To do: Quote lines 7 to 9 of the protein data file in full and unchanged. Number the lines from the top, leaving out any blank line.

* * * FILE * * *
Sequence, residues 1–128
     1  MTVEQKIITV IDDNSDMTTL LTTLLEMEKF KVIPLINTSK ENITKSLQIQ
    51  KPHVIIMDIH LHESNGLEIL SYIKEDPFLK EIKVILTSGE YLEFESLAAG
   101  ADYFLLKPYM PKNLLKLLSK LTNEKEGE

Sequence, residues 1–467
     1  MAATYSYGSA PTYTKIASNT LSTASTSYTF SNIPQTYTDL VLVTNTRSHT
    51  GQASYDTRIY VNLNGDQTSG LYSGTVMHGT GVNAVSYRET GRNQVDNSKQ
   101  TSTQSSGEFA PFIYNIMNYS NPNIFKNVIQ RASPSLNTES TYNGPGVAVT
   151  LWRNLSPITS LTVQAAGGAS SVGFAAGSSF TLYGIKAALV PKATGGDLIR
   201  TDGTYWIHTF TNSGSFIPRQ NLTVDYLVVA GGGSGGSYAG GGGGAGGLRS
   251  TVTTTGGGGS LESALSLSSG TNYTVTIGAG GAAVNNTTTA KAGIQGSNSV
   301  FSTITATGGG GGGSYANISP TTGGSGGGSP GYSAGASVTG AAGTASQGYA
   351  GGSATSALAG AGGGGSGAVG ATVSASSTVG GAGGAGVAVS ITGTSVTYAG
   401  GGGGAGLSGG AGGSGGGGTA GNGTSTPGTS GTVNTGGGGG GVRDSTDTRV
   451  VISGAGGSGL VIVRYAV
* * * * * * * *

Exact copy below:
    51  GQASYDTRIY VNLNGDQTSG LYSGTVMHGT GVNAVSYRET GRNQVDNSKQ
   101  TSTQSSGEFA PFIYNIMNYS NPNIFKNVIQ RASPSLNTES TYNGPGVAVT
   151  LWRNLSPITS LTVQAAGGAS SVGFAAGSSF TLYGIKAALV PKATGGDLIR